A hologram is a recording made on a light sensitive medium, such as a photographic plate, of interference patterns formed between two or more beams of light derived from the same laser (as in Fundamentals of Physics by Halliday, Resnick and Walker). It is different from a normal photograph in the sense that whereas, a normal photograph records image on two dimensions, a hologram, on being viewed, gives a three dimensional image. The process of making holograms is known as holography. Holography today is based upon the works of three Nobel Laureates, Gabriel Lippmann, William Lawrence and Denise Gabor.
Gabor was one of the first scientists to realise that a beam of light could be split into two parts, which could be used to produce holograms. The following is the process of manufacture of a hologram:
First, a beam of white light is made incident on a semi-silvered mirror which splits the beam in two, maintaining them in phase. One part of this beam passes through a lens, after which it is reflected onto the holographic plate. The other part is also made to pass through another lens, after which it is reflected by a mirror onto the object to be shown on the hologram, which reflects a part of the beam, depending on its nature onto the holographic plate. The holographic plate contains a film made of glass coated with a special photographic emulsion, and has microscopic grains that are use to produce interference patterns of the light. These interference patterns are microscopic bright and dark areas, and form an image only when the hologram is placed before light of appropriate wavelength.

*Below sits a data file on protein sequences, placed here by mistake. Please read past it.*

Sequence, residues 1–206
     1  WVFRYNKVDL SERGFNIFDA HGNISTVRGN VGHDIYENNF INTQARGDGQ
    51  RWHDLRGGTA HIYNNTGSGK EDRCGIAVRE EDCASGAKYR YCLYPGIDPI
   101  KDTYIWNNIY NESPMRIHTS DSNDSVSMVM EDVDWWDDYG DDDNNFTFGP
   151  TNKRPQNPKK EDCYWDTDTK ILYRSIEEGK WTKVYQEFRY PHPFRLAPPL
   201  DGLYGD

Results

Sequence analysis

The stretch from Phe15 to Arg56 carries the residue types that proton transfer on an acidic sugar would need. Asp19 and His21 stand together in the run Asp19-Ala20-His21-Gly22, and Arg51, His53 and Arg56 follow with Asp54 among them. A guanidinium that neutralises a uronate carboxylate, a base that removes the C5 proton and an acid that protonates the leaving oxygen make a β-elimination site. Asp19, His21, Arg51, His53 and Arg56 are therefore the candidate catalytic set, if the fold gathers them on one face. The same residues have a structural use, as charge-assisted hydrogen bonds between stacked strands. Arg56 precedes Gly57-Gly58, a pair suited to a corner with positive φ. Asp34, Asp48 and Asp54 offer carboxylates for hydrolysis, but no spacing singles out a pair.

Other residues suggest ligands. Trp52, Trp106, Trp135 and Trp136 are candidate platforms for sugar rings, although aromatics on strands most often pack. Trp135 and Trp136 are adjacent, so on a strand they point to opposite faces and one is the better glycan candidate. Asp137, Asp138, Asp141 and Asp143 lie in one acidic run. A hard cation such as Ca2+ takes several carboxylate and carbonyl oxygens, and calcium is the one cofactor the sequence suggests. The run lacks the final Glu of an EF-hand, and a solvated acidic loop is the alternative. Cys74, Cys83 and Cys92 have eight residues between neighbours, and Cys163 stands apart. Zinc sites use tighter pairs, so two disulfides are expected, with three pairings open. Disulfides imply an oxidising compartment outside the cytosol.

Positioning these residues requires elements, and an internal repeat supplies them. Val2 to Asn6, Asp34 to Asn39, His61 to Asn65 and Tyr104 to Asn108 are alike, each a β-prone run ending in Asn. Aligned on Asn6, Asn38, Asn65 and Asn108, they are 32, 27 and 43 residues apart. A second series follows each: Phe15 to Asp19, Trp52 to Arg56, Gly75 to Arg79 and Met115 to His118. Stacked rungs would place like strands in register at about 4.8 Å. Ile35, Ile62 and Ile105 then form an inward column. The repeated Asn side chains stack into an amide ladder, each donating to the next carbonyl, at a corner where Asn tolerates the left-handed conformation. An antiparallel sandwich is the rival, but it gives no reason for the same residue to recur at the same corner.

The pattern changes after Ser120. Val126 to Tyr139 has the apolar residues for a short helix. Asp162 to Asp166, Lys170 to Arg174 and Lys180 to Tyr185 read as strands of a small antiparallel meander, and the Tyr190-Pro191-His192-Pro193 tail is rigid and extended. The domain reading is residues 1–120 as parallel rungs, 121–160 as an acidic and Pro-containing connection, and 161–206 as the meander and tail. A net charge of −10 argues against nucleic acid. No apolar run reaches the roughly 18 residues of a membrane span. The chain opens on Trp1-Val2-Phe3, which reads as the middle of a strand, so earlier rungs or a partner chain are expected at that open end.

A holographic record diffraction grating can be used to combine independant colours so as to produce a full-colour hologram. Three different lasers, one for each primary colour are used for the production of such multicoloured hologram.
One of the most popular use of holograms today is in the financial sector - currency notes, cheques and credit cards have started having holographic stickers on them to ensure security. Most of these holograms are not transmission holograms, which can only be seen under lasers of specific wavelengths, but reflection holograms that can also be seen under sunlight. These reflection holograms are coloured, and are almost impossible to copy, thus ensuuring the security of the document on which they are stamped.
Holograms are also being used in head-up displays in aircrafts, to help the pilot to llok at the cockpit and out of the windows together. Head-up display technices are also being used in bifocal contact lenses, scanners and high-resolution spectrometers.
Holographic Optical Elements are being used in computers to ensure a faster chip-to-chip communication.
Other uses of holograms include the use of holographic interferometry in biomedical and engineering measurements and precision measurements involving high speeds near to that of light. Some people also adopt holography as their hobby.